In Oregon, there are dozens of voluntary programs that contribute to habitat conservation across the state. Government programs can be funded and administered by the state, federally-funded but state-administered, or federally-funded and administered. Some private or nonprofit organizations also offer conservation incentives.
State Voluntary Conservation Programs
This program, administered by the ODFW, provides direct funding to improve wildlife habitat, increase public hunting access to private lands, or solve wildlife damage issues. Projects can be implemented on private or public lands. Projects include improvement of vegetation on wild lands, development of wetland habitat, noxious weed control, improving wildlife forage on private lands, development of water in arid regions, reclamation of habitat by vehicular restrictions, seeding after wildfire, hunting leases, land acquisition, seasonal road management and hunter access through private lands to inaccessible public lands, or fencing to control wildlife or livestock. Projects are given high priority if they reduce economic loss to landowners and involve funding commitments or in-kind contributions from other organizations and agencies.
This program provides property tax benefits and technical assistance to landowners. Participating counties and cities identify farmland, forestland, and/or other significant habitats and ask the ODFW to designate these lands as eligible for the program. An eligible landowner develops a fish and wildlife management plan approved by ODFW. The property receives a wildlife habitat special assessment, and is assessed for property taxes as if the land was being farmed or used for commercial forestry. Farming and forestry may continue, as long as they are compatible with fish and wildlife objectives of the management plan. For most landowners, this program allows their property to be used for conservation, and the property shifts from farm or forest special assessment to wildlife habitat special assessment. The program does not provide cost-share, grant, or rental payments to landowners. Leaving the program may obligate the landowner to back taxes if the property is not eligible for another special assessment category.
The Restoration and Enhancement Program is a grant program that provides $2-3 million per year to fishery projects throughout Oregon. It supports increased recreational fishing opportunities and works to improve the commercial salmon fishery. The restoration program focuses on projects to repair and replace fish production equipment and facilities, and on collecting information on physical and biological characteristics of streams, lakes, or estuaries. The enhancement program focuses on projects to increase fish production (either hatchery or natural production), increase recreational or commercial opportunities or access to the fish resources, or improve fish management capabilities. Any public or private nonprofit organization may request funds to implement fish restoration or enhancement projects.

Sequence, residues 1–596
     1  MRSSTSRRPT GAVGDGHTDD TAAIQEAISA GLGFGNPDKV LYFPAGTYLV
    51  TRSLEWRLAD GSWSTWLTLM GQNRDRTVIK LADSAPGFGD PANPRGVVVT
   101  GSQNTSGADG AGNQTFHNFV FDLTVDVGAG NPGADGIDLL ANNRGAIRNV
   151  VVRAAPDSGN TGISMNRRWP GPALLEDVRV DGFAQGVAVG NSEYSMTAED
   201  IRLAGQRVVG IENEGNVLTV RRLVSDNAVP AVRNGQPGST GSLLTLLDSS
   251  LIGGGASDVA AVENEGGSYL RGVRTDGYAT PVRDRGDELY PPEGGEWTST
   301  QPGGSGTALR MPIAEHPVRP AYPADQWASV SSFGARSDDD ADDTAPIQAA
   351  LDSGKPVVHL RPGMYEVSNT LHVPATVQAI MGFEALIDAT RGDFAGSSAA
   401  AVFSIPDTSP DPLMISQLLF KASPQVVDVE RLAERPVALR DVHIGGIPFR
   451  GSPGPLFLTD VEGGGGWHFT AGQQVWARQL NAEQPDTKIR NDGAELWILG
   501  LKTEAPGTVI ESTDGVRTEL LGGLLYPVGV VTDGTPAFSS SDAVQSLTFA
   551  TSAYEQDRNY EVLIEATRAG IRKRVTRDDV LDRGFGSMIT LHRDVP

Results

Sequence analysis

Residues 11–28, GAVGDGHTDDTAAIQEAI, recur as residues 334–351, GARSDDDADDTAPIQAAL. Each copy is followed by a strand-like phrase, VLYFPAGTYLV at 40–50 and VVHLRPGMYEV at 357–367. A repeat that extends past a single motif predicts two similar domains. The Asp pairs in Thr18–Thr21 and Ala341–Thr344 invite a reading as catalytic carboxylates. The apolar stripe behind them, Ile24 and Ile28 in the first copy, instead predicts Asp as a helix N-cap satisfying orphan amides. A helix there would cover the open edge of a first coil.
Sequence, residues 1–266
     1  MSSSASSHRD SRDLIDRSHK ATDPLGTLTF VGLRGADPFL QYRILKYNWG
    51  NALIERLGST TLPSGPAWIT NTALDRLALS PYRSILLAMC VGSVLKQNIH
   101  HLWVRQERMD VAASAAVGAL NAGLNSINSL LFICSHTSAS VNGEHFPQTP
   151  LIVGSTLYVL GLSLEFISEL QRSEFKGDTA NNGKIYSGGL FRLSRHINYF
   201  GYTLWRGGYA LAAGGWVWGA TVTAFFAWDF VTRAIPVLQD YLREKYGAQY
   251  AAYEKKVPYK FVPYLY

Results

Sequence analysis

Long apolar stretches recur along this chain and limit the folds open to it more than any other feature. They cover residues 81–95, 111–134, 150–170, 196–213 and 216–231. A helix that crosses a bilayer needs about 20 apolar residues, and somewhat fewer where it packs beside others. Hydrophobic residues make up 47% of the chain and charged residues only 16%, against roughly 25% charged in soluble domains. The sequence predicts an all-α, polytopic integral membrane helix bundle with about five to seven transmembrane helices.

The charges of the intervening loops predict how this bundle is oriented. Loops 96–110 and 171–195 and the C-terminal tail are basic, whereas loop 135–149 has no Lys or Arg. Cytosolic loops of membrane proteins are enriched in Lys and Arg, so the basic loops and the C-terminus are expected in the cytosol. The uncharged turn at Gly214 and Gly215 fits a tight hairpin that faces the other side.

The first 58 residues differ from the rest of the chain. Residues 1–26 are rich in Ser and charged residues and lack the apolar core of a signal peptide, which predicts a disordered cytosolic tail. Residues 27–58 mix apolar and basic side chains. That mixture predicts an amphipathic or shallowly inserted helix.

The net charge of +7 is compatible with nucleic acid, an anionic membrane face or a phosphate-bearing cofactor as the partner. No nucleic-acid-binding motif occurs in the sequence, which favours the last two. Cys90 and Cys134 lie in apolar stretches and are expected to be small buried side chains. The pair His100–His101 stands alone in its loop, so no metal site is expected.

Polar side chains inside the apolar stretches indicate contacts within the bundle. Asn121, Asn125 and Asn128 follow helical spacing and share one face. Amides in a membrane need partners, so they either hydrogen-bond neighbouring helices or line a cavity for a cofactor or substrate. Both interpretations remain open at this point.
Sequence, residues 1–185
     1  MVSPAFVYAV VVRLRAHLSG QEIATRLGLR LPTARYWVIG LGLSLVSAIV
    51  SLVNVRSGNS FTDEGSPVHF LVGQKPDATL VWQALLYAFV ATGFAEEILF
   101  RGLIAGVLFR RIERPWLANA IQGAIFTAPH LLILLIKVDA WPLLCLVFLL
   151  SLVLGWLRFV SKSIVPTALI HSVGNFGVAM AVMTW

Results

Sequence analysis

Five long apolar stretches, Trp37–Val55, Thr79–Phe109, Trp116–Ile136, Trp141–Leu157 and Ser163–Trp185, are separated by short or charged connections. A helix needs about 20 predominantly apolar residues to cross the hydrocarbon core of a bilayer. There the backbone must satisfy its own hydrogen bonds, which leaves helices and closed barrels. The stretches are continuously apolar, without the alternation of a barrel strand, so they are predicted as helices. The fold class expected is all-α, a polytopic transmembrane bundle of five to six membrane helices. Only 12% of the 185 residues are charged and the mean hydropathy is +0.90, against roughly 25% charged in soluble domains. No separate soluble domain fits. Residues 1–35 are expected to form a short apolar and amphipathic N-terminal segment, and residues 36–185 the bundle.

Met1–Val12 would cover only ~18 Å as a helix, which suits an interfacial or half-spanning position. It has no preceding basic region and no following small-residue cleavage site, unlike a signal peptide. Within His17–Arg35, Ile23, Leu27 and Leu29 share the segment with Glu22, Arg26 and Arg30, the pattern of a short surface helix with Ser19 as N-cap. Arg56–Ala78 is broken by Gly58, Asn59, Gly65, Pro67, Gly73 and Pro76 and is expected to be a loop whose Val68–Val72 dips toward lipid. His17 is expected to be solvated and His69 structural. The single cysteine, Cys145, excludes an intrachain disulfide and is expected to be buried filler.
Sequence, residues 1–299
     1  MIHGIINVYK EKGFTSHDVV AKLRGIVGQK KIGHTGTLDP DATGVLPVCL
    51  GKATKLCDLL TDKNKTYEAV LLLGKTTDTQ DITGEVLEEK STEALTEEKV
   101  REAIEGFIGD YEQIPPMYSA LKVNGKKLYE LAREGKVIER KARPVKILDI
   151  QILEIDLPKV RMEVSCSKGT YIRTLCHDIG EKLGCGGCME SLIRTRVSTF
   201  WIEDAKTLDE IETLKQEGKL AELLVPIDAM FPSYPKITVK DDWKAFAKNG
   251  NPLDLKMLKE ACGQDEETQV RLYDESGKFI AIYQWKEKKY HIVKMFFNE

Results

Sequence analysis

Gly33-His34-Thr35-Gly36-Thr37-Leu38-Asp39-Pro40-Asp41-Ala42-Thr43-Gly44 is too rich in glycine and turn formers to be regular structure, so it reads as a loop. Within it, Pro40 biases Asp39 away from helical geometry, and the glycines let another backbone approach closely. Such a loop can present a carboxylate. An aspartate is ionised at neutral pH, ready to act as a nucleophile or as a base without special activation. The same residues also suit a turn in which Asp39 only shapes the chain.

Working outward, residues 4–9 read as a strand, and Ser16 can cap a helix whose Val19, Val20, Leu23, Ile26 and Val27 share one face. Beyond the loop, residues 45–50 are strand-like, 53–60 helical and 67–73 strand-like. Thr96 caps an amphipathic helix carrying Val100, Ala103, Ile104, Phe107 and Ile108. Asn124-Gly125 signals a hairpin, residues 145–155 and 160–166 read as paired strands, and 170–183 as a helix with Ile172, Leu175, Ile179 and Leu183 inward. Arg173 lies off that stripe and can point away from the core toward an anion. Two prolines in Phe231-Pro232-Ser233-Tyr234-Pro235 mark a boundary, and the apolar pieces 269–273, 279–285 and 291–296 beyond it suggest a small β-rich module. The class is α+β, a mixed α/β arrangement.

Oregon water users may be eligible for an ODFW cost-share incentive program and state tax credit designed to promote the installation of agency-approved fish screening or fish passage devices in water diversions. Funds for fish screening and passage projects are to be used to share costs with applicants.
This property tax program offers a property tax exemption for riparian land up to 100 feet from a stream. Landowners conserve and restore riparian lands to protect the economic and ecological benefits to soil, water, fish, and wildlife. For riparian land to qualify for this program, it must be outside adopted urban growth boundaries, and zoned for forest or agricultural use. Landowners within urban growth boundaries may qualify if individual cities choose to participate.
This program provides direct technical support to watershed councils and private landowners in western Oregon to implement Oregon Plan measures directing the restoration and enhancement of Oregon’s salmonid habitats in the region.
ODF and ODA Stewardship Agreement Program
A landowner may enter into a voluntary stewardship agreement with the Oregon Department of Forestry (ODF) and/or the Oregon Department of Agriculture (ODA), whereby they agree to meet and exceed applicable regulatory requirements and to conserve, restore, and improve fish and wildlife habitat or water quality. A stewardship agreement is a voluntary written plan, with authority designated within state statutes, whereby a landowner agrees to meet the natural resource protection standards of the Oregon Forest Practices Act through alternate practices. The program provides incentives for landowners who voluntarily meet and exceed regulatory requirements to improve wildlife habitat and water quality. Landowners and the State Forester work collaboratively to create long-term agreements that consider natural resource conservation and routine forest management from a property-wide perspective, rather than at the scale of single projects. Stewardship Agreements were authorized by the 2006 Oregon legislature. The legislative change recognized that in a time of dynamic change in scientific information and social values, improvements to fish and wildlife habitat and water quality cannot succeed through laws and government actions alone. The program was developed to enhance what the legislature described as a characteristically Oregonian “spirit of volunteerism and stewardship”.
Since 1999, the Oregon Watershed Enhancement Board (OWEB) has provided grants to help Oregonians take care of local streams, rivers, wetlands, and natural areas. Community members and landowners use scientific criteria to decide jointly what needs to be done to conserve and improve rivers and natural habitat in the places where they live. OWEB grants are funded from the Oregon Lottery, federal dollars, and salmon license plate revenue. The OWEB’s strategic plan (2010) is intended to provide high-level strategic guidance and direction to help restore and protect Oregon’s watersheds in light of significant driving forces like human use, population growth, urbanization, and climate change, and ensures priorities are aligned with those developed in the Conservation Strategy.